With unemployment rates still heading off the charts, jobless workers engaged in job searches are frantically working to find the right way to present their credentials to convince prospective employers to call them in for an interview.
But there’s been one secret stumbling block that most people hit which sends them into a tailspin when it comes down to an actual interview.
When presented with the question “Why should I hire you?,” most people fail to show what it is that they offer a prospective employer.
In fact, the real secret is that most of us are actually terrible at saying what exactly makes us good at what we do.
That’s both a good news / bad news scenario for job seekers.
The good news is this means that the other candidates competing for the same job opening aren’t doing a much better job in selling employers on why they should hire them either. But that still leaves your own inability to express your value to employers as a real job search liability.
While our society teaches us to avoid being braggarts, the one place and time to talk yourself up and take credit where it is due is in your résumé, cover letter and during an interview. Employers are probing to find out what your value has been to previous companies. If you can’t convey this to an employer, what this really means is that you really don’t have any idea of what your own worth is, either.
By gaining a firm handle on what you have to offer a prospective employer, you can confidently answer the question with specific reasons to add you to their staff team.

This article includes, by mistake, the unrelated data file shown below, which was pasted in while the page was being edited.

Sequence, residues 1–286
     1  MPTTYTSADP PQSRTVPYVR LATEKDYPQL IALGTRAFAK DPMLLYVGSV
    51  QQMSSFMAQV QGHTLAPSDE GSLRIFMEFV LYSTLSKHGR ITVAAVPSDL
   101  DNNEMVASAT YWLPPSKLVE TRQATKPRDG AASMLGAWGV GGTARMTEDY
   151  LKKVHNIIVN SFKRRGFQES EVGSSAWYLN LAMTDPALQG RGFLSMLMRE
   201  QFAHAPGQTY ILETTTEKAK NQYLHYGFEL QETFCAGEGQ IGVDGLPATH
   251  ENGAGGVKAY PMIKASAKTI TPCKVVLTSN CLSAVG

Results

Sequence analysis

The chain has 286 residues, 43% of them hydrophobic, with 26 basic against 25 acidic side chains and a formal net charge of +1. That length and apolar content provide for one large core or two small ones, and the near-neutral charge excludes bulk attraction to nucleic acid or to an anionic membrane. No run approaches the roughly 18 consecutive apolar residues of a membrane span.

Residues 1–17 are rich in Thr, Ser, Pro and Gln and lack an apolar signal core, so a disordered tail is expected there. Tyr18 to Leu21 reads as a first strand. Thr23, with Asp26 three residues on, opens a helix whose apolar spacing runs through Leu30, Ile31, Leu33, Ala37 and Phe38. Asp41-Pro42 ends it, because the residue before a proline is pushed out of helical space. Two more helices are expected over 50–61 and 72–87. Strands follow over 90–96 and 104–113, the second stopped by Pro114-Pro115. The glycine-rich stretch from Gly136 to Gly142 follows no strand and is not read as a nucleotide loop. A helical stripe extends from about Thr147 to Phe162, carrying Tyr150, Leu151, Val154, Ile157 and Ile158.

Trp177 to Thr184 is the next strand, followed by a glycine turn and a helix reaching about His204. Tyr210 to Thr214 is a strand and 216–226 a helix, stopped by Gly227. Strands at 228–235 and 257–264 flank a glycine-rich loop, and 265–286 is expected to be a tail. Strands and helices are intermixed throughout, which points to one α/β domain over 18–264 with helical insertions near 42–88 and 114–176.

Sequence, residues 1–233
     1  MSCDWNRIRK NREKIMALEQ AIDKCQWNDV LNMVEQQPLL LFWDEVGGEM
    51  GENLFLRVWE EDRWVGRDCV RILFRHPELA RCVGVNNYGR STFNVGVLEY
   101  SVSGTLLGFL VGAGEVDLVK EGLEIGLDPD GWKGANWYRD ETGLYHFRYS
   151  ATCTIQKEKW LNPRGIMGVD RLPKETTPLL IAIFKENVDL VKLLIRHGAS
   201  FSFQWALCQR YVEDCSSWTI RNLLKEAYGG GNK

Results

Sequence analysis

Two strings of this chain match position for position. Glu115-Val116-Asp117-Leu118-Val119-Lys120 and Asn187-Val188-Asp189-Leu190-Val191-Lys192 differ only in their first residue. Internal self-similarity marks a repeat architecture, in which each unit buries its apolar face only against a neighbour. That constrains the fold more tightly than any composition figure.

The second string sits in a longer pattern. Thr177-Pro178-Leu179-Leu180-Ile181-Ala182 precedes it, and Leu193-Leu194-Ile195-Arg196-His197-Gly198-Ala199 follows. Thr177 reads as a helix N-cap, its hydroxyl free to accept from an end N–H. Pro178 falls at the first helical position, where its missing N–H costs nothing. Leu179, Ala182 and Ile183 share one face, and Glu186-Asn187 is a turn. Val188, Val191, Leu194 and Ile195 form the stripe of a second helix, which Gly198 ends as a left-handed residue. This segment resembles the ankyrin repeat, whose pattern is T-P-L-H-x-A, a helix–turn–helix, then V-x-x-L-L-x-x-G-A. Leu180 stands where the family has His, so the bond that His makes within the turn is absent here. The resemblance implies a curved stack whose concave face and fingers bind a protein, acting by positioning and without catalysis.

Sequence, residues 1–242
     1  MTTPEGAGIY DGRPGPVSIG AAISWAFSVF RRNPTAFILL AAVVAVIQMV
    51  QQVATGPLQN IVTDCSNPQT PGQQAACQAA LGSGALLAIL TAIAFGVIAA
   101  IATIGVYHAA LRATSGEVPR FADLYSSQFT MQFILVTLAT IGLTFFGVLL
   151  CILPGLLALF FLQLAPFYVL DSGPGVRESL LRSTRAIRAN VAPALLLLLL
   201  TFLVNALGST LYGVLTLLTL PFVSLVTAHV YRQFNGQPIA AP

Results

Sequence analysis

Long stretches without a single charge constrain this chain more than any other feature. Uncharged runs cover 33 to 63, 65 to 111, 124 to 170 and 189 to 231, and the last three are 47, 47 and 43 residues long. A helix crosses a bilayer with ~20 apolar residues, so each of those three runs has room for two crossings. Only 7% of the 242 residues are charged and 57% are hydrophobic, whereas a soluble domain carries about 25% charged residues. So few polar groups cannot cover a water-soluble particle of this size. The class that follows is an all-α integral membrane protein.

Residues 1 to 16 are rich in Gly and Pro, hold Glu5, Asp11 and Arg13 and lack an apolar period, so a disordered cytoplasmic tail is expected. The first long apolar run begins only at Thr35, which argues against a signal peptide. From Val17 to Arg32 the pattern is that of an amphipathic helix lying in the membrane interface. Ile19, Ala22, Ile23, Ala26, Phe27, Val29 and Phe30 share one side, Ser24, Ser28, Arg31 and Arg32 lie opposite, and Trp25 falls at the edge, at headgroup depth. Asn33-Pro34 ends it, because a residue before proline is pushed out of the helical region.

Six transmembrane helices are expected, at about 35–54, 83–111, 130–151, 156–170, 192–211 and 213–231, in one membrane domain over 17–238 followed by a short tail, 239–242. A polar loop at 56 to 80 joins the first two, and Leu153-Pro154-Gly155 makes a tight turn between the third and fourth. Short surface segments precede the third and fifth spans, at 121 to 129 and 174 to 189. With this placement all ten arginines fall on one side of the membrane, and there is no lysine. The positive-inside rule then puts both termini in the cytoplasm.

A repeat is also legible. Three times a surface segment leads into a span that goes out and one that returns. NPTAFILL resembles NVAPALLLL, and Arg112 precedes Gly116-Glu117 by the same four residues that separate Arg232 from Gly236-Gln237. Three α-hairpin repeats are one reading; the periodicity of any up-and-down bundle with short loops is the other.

A good place to start building your confidence and a “30 second commercial” is your résumé. Instead of including a passive, weak objective statement, try building two to three sentences that marry words that describe your work ethic and values with the key words relevant to the position you are pursuing.
Example: “Bottom-line focused sales professional with more than 15 years of experience delivering high-integrity, customer-centric consultative business development tactics geared to drive bottom line results.”
That sure beats the heck out of “Objective: To find a sales position that matches my selling and marketing abilities”, doesn’t it? The example above shows VALUE and makes someone want to hire you, where an objective statement flops around like a fish in the bottom of the boat.
By spending some time and taking the time to put this down on paper, this exercise can help you build value into not just your résumé document, but also into your psyche so your worth to potential employers is more deeply under your skin. Being connected to this sense of self-worth can literally make the difference between being offered the job or not.
Once you have your value statement polished on your résumé, it’s now time to practice saying it out loud. Use friends or family as your audience, and prepare how you want to answer the question, “Why should I hire you?” Remember to smile, keep eye contact, don’t fidget and be centered on your value proposition so you can deliver it with the confidence that you know you have.
The final test before the interview process is to march yourself out to industry or business networking events and start a conversation. Eventually, it will come back to you and you’ll be asked, “What do you do?” and your value statement will be ready to roll. Being able to quickly and easily articulate what you do and how well you do it is one of the most empowering things in the world, and will help set you apart from the other candidates.